Recently I stumbled upon an image that pokes fun at a dilemma in storytelling. Those of you who spend a shameful amount of time on Pinterest, Instagram, and Facebook like me might have encountered it before.
The reason why I’m featuring this image is because it made me think.
One of the greatest struggles as a writer is that language is only as potent as the wielder is skilled. The dilemma can be likened to archery (or really any other activity that requires a considerable amount of training and skill).
You give a newbie archer the best set of bows and arrows in the world, and they might never even hit the bulls-eye once out of a hundred tries. You give a seasoned archer that same set of equipment and bam-bam-bam! they might get bulls-eyes every time. As linguistical creatures, we all have access to the vocabulary of our language (our bows and arrows), but only some possess the training and persistence to craft art with it.
Now, as a relatively inexperienced 19 year old whose life-experiences might pale in comparison to those of billions of others on this planet, I can’t count myself as a “seasoned archer”. I can write. I can tell stories. But I’m unable to use language to perfectly transport every thought and visual floating through my head onto paper (aka hitting the bulls-eye).
I wonder if anyone, no matter how exemplary of a writer they are, is capable of accomplishing such a feat. If we suppose that no one ever has, then everything that a writer has failed to express is the “silence between the lines” aka ideas that were axed for various reasons. In this case, the mountain of unspoken ideas in this world towers over the pile of the spoken.
Think of all that silence. If silence had a voice, its voice would be the loudest in our loud world.
Ironic isn’t it? Do you feel a sense of loss from this reality? Millions of thoughts and words and dreams and ideas and visions colliding with one another in a brilliant display across the planes of our minds and yet…only a slice of a fraction of all that brilliance is shared with the rest of the world, not in a way that authentically conveys their original brilliance but through words, oftentime crude ones. I did when I first reached this realization.
Perhaps the loss of our ideas does warrant regret, or perhaps it warrants something else. What if the unexpressed state of some thoughts is a good thing?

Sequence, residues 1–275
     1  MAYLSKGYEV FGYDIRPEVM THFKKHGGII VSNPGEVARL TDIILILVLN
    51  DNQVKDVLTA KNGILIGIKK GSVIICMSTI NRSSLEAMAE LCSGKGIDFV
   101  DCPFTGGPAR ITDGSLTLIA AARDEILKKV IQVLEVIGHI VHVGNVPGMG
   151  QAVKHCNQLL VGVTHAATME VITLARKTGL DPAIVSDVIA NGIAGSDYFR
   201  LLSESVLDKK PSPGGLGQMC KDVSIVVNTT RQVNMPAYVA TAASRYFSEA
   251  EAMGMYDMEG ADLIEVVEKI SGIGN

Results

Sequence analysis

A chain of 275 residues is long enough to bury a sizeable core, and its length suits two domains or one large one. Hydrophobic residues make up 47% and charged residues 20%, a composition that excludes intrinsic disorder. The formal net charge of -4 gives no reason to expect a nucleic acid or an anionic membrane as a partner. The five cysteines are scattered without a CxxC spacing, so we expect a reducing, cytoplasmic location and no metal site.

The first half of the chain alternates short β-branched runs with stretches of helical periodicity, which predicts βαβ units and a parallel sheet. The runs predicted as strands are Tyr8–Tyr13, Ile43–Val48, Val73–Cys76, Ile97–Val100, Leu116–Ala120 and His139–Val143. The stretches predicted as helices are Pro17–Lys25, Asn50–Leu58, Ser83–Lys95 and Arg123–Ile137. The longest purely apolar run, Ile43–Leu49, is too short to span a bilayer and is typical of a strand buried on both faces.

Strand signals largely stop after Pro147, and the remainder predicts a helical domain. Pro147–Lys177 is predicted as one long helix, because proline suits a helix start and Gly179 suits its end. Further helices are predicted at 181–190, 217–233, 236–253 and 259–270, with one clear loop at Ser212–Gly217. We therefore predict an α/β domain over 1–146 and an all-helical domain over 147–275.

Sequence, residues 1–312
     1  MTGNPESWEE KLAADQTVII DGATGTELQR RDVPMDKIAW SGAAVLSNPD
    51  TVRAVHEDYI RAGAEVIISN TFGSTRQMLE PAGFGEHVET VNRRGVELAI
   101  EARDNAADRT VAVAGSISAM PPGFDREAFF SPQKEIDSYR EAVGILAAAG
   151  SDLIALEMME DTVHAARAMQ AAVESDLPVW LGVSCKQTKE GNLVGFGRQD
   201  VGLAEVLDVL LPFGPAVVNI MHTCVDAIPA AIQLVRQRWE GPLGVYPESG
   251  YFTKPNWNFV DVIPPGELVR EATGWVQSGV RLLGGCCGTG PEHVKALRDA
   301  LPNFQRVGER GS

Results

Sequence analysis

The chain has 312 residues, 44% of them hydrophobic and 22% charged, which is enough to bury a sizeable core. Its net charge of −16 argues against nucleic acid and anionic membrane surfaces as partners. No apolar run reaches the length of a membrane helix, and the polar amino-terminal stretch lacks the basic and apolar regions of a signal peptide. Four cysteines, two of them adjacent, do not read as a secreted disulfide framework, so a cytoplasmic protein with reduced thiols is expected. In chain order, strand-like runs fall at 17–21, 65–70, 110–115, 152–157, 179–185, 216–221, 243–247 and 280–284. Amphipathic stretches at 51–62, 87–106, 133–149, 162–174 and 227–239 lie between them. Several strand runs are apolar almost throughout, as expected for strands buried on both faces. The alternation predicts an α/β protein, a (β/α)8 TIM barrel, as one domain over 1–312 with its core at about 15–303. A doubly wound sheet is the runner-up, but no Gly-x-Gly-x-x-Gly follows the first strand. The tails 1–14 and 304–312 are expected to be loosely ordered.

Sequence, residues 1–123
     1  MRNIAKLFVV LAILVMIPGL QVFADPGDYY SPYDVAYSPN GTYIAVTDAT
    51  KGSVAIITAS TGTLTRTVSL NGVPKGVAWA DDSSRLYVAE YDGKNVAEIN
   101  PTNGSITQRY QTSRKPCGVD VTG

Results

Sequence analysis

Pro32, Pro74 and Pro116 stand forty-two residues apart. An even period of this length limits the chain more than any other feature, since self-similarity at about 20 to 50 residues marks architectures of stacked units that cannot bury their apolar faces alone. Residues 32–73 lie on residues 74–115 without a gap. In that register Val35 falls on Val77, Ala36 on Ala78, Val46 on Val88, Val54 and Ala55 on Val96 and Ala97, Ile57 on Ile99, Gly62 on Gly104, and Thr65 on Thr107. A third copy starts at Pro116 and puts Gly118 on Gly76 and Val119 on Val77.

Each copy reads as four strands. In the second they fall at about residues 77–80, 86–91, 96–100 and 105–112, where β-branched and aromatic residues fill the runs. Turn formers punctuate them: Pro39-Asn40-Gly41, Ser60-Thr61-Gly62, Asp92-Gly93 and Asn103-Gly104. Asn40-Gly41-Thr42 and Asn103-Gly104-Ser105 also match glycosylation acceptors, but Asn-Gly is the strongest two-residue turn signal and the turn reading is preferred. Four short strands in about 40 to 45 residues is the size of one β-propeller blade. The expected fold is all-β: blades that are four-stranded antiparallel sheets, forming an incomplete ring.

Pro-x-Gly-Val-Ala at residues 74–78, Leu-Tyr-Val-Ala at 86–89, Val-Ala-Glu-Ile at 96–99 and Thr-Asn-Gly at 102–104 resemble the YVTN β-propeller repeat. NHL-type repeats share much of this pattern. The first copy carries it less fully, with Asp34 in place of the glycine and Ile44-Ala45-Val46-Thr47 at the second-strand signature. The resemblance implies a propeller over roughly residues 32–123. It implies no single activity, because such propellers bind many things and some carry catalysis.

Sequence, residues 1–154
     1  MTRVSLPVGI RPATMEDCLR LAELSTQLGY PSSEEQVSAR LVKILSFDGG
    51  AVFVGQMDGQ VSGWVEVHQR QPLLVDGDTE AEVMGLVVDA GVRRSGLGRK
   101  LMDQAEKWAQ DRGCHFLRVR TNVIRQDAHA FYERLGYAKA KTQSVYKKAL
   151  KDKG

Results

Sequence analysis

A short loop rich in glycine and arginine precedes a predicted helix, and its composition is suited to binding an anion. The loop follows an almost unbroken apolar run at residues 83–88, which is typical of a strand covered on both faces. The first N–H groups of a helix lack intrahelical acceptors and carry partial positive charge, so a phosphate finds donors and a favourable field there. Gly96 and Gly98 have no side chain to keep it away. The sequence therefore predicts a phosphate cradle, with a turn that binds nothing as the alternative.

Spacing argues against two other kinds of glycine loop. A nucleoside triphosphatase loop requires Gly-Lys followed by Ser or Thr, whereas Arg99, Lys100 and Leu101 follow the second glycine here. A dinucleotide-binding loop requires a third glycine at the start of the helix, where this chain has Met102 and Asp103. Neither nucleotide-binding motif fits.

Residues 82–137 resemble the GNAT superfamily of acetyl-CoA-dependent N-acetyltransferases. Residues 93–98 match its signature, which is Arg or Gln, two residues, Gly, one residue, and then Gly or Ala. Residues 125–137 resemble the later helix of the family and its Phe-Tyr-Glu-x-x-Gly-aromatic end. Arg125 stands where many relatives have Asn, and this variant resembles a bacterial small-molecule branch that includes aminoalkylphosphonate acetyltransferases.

Imagine if we penned or spoke everything that sprang into our minds. Imagine if Van Gogh not only wanted to capture the ambience of a peaceful villa under a starry sky but also a sense of ecstasy from a nightmare he recently had and to do that, he painted a hideous orange and green striped beast hovering in the corner of the canvas. Ok, this is a bit of a stretch, but you know what I mean.
If you’ve ever written or attempted to write a story before, imagine trying to cram every idea that you’ve ever had for that story into the story itself. Sure the adventures of a racecar driving princess fae who has to simultaneously rescue her robot best friend and win the medieval version of Top Model sounds fascinating, but it’s too chaotic. Sometimes, silencing some of what seems to be our best ideas is the right thing to do. Writers’ priority is the health and organic development of their stories. Respect for our audience comes second. Our wants and whims comes last (though they can but not always align with the first two priorities). .
I want to close by redirecting your attention to that image from the start of the post. Here it is again.
There have been times when no matter how much I write and how diligently I write and how concentrated I write, the story simply refuses to bend to my writer’s will. The sentences I slap onto the page are cacophonous. The diction is all wrong. My plot has flatlined. The characters’ personality are as stiff as wood boards.
Those moments, days, or weeks are real life manifestations of the above image. They are real life manifestations of the newbie archer missing the bulls-eye every time out of a hundred attempts.
There’s a solution even then: keep writing. I never imagined I would be the one handing out the most overstated yet underrated advice in the entire creative writing field, but here I am. I’ve finally conceded that this is the most practical, useful, and necessary advice to any writer of any stage.
You don’t expect to gain the skills to paint the Starry Night overnight, and you don’t expect to be able to casually pick up a set of bows and arrows and bam-bam-bam! hit bulls-eyes with every shot. So don’t expect to perfect your story and your writing in one sitting either.
Keep writing. Don’t hesitate to let your voice gush onto the page, but also don’t be afraid of the silence between the lines.